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Everything But The Kitchen Sink: Wierd Stuff You Didn’t Know About Food by Frieda Wishinsky and Elizabeth Macleod

kitchen-sinkWell, the basic premise is pretty straight-forward. (Here’s a hint–the title totally gives it away!) Everything But the Kitchen Sink is a grab-bag of historical coverage, food by category like breakfast or snacks, food science, and the inevitable gross-out moments, like edible grubs, rattlesnakes, durian and stinky tofu.

Do you want to try your hand at matching diner lingo to more mundane phrasing, like “cowboy with spurs” to “Western omlet with french fries?” Curious about traditions and superstitions surrounding chopsticks, the origins of Caesar salad, or what they drank with breakfast in medieval England? Want to find out how to make an omlet in a bag, or dancing raisins? You’ll find all of this and more. What you won’t find is a structure particularily conducive to report writing. Not that that’s a bad thing–this one’s purely a fun, browsing book. There is an index, but the chapter categories are fairly arbitrary, and the information inside is more focused on the minutiae of trivia, and quick generalizations. I’m usually kind of a snob about the visuals in my kids’ nonfiction–I love me lots of shiny, relevant photos, I do–but the bright, cartoon illustrations fit well with the breezy style of the text. Also, the ending is a bit abrupt, finishing up with astronaut food and nary a paragraph of concluding remarks to be seen.

My biggest issue with the book is not so much a criticism as an observation. Despite having two Canadian authors, it is SO American, written from a perspective presupposing that the reader is American with very much a “here in the United States…” kind of viewpoint. Since it was published under Scholastic and not Scholastic Canada, I’m guessing it was purely a marketing decision. (And I can forgive the lack of Canadian food, since at least it’s not the usual mishmash we see from American publishers all the time of Canadian cuisine being fiddleheads, nanaimo bars and tortiere–but the only food mentioned at all is grunt pudding. Grunt pudding?? Apparently, it’s a thick fruit pudding that grunts as it’s steamed, due to escaping air. Okay, guys, shoulda gone with the nanaimo bars.)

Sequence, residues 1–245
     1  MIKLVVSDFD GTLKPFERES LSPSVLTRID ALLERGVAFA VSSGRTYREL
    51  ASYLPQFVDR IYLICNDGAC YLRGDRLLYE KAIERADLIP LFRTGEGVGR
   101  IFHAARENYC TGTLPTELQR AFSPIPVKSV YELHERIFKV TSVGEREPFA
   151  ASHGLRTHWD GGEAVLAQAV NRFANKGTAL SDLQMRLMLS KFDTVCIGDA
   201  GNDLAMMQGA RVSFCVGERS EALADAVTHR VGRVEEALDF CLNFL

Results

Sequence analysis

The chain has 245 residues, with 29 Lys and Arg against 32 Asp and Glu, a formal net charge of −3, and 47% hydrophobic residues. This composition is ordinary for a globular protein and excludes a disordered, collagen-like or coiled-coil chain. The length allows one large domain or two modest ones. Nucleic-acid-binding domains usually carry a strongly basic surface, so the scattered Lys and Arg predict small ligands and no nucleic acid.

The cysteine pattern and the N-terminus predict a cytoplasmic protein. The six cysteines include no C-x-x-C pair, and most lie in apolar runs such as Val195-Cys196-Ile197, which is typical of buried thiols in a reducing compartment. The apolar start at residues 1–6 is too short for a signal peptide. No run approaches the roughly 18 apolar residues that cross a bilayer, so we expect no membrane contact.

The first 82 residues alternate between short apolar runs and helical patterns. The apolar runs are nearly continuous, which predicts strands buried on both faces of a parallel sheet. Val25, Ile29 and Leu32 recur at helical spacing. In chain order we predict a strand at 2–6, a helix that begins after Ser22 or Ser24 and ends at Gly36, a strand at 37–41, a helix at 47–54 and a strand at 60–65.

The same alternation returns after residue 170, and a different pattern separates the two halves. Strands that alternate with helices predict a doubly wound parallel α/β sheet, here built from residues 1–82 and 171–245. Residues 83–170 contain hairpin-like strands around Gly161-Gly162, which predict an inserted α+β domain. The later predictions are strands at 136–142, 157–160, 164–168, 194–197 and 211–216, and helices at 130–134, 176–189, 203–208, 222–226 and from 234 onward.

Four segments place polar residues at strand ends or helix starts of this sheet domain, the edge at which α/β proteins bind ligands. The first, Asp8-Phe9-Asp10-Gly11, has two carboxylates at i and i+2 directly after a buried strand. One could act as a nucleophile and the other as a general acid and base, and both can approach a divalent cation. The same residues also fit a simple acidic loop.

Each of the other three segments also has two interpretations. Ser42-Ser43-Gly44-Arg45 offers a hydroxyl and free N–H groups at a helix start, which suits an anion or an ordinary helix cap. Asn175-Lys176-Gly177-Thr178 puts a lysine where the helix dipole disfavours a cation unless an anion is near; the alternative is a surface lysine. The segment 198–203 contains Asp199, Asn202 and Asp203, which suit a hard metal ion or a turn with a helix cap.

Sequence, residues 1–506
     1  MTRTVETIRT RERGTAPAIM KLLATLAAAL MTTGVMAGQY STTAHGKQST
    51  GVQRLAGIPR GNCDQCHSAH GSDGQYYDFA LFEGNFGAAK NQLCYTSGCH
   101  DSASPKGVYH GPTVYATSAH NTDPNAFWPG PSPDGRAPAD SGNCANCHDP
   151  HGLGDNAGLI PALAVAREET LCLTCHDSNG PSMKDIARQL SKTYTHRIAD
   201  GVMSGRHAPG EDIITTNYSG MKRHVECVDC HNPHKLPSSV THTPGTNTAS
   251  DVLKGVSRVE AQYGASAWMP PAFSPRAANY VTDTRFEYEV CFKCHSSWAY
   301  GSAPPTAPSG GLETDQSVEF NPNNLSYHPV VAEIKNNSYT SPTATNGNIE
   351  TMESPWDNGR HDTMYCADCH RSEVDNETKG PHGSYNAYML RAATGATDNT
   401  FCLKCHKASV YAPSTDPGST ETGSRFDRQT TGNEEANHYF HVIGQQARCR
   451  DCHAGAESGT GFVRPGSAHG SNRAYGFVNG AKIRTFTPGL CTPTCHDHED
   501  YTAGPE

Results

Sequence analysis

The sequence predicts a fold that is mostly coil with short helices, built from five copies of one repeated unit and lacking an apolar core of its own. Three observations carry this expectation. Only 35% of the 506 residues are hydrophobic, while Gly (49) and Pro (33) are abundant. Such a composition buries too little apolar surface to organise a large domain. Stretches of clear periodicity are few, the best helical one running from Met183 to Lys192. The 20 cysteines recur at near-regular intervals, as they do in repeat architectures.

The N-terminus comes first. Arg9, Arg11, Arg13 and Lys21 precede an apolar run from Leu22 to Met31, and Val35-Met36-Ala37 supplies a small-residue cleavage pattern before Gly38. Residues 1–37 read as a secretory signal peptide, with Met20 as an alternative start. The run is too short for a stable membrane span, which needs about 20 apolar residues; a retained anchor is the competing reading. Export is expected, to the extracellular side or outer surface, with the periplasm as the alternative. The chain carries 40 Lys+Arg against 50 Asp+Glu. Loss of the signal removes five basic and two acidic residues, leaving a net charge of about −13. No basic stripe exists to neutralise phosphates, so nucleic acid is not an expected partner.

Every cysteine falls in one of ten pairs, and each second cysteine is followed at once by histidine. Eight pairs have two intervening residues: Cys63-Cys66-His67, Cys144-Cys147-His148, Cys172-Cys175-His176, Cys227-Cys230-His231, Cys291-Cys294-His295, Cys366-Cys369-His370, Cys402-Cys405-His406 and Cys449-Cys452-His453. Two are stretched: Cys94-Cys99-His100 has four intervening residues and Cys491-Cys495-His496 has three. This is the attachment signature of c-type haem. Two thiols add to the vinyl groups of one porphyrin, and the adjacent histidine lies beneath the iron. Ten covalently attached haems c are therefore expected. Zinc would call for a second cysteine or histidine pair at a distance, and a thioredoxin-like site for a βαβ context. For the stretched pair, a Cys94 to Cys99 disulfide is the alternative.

Although it never really progresses past the random collection of cool facts, this is a fun book, stuffed full of bite-sized bits of info (no pun intended), tons to fascinate the trivia-minded, and quizzes and matching games to add an interactive element.

In Flanders Fields: the Story of the Poem by John McCrae by Linda Granfield, illustrated by Janet Wilson

In Flanders Fields: the Story of the Poem by John McCrae by Linda Granfield, illustrated by Janet Wilson.

Written by a Canadian doctor in the field during WWI, John McCrae’s “In Flanders Fields” is familiar to several generations of Canadian schoolchildren. Remembrance Day assemblies always bring a class of kids chanting the three short verses in singsong montones. And there’s a reason why the poem is still around.

This book intersperses lines from the poem, richly illustrated, with bits and pieces of information about the first World War, John McCrae, and how the poem came to be. For something similiar, see Where Poppies Grow: A World War I Companion, also by Linda Granfield. Both titles are upper elementary territory, possibly junior high, with some appeal for reluctant readers. Older readers may want something more substantial, but it’s an excellent browsing book for grades four and up.